Pregnancy Category: C
Treatment of pulmonary tuberculosis:
- Must be used in combination with other agents.
Inhibits DNA-dependent RNA polymerase.
Bactericidal action against intracellular and extracellular susceptible strains of Mycobacterium tuberculosis.
Absorption: 70% absorbed following oral administration.
Distribution: Widely distributed in body tissues and fluids.
Protein Binding: Rifapentine—97.7%;desacetyl rifapentine—93.2%.
Metabolism and Excretion: Mostly metabolized by the liver; 17% excreted by the kidneys; some conversion to another active compound (25-desacetyl rifapentine).
Half-life: 13 hr (rifapentine and desacetyl rifapentine).
Time/action profile (blood levels)
Contraindicated in: Hypersensitivity to rifapentine or other rifamycins (rifampin or rifabutin).
Use Cautiously in: History of liver disease; Obstetric / Lactation / Pediatric: Pregnancy, lactation, or children <12 yr (safety not established).
Exercise Extreme Caution in: Concurrent protease inhibitor therapy.
Adverse Reactions/Side Effects
Central nervous system
- pseudomembranous colitis (life-threatening)
- ↑ liver enzymes
- urinary casts
Drug-Drug interaction↑ metabolism and may ↓ levels of phenytoin, disopyramide, mexiletine, quinidine, chloramphenicol, clarithromycin, dapsone, doxycycline, fluoroquinolones, warfarin, fluconazole, itraconazole, ketoconazole, some sedative/hypnotics (benzodiazepines and barbiturates ), some beta blockers, some calcium channel blockers, corticosteroids, digoxin, hormonal contraceptives, haloperidol, protease inhibitors (indinavir, ritonavir, nelfinavir, saquinavir ), sulfonylurea oral hypoglycemic agents, cyclosporine, tacrolimus, levothyroxine, some opioids, progestins, quinine, reverse transcriptase inhibitors (delavirdine, zidovudine ), sildenafil, theophylline, some reverse transcriptase inhibitors, and tricyclicantidepressants ; dosage adjustments may be necessary.Antacids ↓ absorption.Food ↑ absorption.
Route/DosageMust be used in combination with other antituberculars
Oral (Adults) Intensive phase—600 mg twice weekly (not less than 72 hr between doses) for 2 mo;continuation phase—600 mg once weekly for 4 mo.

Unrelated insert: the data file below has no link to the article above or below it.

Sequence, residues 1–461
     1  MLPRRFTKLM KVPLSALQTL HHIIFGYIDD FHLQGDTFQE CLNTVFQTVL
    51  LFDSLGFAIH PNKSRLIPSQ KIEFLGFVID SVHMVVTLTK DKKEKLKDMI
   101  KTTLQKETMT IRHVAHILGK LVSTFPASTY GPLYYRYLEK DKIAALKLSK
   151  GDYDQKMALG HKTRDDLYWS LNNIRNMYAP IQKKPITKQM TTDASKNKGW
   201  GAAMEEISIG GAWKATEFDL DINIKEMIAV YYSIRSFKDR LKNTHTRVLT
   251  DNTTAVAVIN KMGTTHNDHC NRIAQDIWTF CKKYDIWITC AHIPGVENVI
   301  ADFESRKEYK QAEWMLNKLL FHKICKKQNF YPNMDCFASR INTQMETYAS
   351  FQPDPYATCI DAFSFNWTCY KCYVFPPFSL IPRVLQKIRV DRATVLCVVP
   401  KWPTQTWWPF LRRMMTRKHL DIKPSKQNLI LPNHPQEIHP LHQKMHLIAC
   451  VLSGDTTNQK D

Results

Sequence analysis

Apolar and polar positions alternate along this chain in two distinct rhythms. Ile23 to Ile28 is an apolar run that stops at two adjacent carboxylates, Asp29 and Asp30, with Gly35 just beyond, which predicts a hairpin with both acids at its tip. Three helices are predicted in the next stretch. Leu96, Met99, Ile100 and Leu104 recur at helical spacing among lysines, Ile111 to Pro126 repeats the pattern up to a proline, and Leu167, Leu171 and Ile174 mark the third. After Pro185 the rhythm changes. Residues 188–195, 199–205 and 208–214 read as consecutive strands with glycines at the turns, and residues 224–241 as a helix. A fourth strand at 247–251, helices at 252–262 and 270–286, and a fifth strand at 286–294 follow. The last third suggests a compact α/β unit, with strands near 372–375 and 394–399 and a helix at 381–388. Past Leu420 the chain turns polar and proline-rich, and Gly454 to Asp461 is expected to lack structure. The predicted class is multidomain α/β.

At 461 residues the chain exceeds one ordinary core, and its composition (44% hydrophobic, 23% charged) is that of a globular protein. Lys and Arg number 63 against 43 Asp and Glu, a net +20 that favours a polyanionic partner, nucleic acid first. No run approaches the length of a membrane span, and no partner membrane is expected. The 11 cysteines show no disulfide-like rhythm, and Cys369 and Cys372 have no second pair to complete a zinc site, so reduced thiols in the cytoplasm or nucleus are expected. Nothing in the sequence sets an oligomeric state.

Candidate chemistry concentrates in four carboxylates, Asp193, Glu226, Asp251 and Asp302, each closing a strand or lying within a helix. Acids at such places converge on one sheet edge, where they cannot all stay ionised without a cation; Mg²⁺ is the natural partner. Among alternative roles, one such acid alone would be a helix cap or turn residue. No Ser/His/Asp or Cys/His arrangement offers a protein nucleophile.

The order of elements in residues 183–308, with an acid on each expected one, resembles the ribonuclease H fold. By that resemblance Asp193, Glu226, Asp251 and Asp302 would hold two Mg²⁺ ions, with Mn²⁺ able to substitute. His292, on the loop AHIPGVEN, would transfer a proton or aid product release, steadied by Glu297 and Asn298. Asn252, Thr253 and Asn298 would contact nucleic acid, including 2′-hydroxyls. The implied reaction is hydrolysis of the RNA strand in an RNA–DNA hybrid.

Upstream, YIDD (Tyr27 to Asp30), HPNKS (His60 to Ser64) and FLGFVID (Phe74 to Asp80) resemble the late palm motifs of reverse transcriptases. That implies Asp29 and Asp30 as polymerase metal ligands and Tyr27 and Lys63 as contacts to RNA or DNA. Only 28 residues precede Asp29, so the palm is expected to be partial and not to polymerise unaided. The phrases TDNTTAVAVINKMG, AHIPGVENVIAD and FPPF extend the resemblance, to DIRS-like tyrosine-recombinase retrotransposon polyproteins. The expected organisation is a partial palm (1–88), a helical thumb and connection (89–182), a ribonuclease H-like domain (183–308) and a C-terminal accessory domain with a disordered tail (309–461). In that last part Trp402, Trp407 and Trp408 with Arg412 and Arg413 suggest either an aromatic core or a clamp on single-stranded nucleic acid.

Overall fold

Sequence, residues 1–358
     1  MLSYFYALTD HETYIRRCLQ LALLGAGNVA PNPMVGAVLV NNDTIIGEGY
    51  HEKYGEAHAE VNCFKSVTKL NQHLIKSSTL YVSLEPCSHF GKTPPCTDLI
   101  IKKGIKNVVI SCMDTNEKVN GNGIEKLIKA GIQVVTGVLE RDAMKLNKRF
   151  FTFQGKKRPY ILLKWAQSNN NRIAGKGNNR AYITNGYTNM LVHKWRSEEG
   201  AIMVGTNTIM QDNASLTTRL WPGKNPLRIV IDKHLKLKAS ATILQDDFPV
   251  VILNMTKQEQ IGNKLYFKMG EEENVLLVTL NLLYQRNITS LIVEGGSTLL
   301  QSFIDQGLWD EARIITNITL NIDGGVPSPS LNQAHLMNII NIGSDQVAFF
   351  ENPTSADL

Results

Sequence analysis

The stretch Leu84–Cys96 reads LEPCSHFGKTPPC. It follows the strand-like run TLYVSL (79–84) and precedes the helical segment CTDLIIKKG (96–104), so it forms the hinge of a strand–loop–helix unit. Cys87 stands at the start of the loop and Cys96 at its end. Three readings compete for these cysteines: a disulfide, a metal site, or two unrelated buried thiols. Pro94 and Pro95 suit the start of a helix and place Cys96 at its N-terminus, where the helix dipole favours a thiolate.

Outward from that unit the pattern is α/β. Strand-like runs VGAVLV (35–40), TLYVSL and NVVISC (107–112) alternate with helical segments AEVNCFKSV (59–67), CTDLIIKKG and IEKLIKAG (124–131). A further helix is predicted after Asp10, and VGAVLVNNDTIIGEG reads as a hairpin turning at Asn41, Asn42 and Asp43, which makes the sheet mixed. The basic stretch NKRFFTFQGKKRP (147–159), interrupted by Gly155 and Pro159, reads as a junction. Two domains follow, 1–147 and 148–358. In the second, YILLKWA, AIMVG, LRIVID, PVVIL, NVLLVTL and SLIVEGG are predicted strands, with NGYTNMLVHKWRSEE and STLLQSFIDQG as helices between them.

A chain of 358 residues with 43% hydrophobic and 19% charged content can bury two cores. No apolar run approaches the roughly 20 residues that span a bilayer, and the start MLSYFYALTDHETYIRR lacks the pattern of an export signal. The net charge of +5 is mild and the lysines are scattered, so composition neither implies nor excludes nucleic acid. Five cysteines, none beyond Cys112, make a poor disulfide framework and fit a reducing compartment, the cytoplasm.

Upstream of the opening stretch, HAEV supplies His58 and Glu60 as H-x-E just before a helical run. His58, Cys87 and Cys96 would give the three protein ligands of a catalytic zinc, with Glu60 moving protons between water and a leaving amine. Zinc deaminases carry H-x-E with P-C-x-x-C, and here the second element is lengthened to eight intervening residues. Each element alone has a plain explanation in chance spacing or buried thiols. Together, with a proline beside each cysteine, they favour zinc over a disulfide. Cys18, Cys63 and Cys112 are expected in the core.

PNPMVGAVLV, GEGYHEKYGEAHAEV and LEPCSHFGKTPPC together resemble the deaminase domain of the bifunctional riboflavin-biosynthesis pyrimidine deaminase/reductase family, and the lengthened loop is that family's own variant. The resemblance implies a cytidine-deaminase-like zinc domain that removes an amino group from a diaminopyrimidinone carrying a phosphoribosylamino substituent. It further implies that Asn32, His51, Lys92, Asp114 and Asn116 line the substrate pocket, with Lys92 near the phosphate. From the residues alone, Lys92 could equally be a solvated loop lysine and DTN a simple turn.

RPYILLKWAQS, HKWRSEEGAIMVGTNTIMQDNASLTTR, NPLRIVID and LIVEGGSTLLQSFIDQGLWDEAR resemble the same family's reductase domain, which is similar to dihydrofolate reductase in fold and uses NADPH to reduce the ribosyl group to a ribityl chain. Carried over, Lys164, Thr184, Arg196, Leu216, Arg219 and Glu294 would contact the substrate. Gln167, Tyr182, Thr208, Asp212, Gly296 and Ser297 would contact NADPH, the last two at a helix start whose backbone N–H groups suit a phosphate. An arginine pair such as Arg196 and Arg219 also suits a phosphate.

Tablets: 150 mg
- Mycobacterial studies and susceptibility tests should be performed prior to and periodically throughout therapy to detect possible resistance.
- Assess lung sounds and character and amount of sputum periodically throughout therapy.
- Monitor bowel function. Diarrhea, abdominal cramping, fever, and bloody stools should be reported to health care professional promptly as a sign of pseudomembranous colitis. May begin up to several weeks following cessation of therapy.
- Lab Test Considerations: Assess hepatic enzymes, bilirubin, CBC, and platelet count prior to therapy. Monitor at least monthly, especially in relation to adverse reactions. Patients with liver disease or abnormal liver tests should have liver tests (especially AST and ALT) monitored every 2–4 weeks. Signs of worsening disease may require discontinuation.
- May interfere with methods for determining serum folate and vitamin B levels and with urine tests based on color reaction.
- Hyperuricemia is common during intensive phase, especially when combined with pyrazinamide.
Potential Nursing DiagnosesRisk for infection (Indications)
Noncompliance (Patient/Family Teaching)
- Rifapentine is not administered alone. When used with isoniazid, pyridoxine (vitamin B) is administered concurrently in patients who are malnourished, predisposed to neuropathy (patients with alcoholism or diabetes), or adolescents to prevent neuropathy.
- Oral: May be administered with food to minimize nausea, vomiting, or GI upset.
- Antacids should not be administered within 1 hr before or 2 hr after rifapentine.
- Advise patient to take medication exactly as directed; not to skip doses or double up on missed doses of daily companion medications. Emphasize the importance of continuing therapy even after symptoms have subsided. Length of therapy for tuberculosis depends on regimen being used and underlying disease states.
- Advise patient to notify health care professional promptly if fever, malaise, darkened urine, yellow eyes and skin, nausea, vomiting, anorexia, or pain or swelling of joints occur.
- Instruct patient to notify health care professional if fever and diarrhea develop, especially if stool contains blood, pus, or mucus. Advise patient not to treat diarrhea without consulting health care professional.
- Caution patient to avoid the use of alcohol during this therapy, because this may increase the risk of hepatotoxicity.
- Rifapentine may occasionally cause dizziness. Caution patient to avoid driving or other activities requiring alertness until response to medication is known.
- Inform patient that saliva, sputum, teeth, tongue, sweat, tears, CSF, urine, and feces may become red-orange, and that soft contact lenses may become permanently discolored.
- Advise patient that this medication has teratogenic properties and may decrease the effectiveness of oral contraceptives. Counsel patient to use a nonhormonal form of contraception throughout therapy.
- Emphasize the importance of regular follow-up exams to monitor progress and to check for side effects.
- Decreased fever and night sweats.
- Diminished cough and sputum production.
- Negative sputum cultures.
- Increased appetite.
- Weight gain.
- Reduced fatigue.
- Increased sense of well-being in patients with tuberculosis.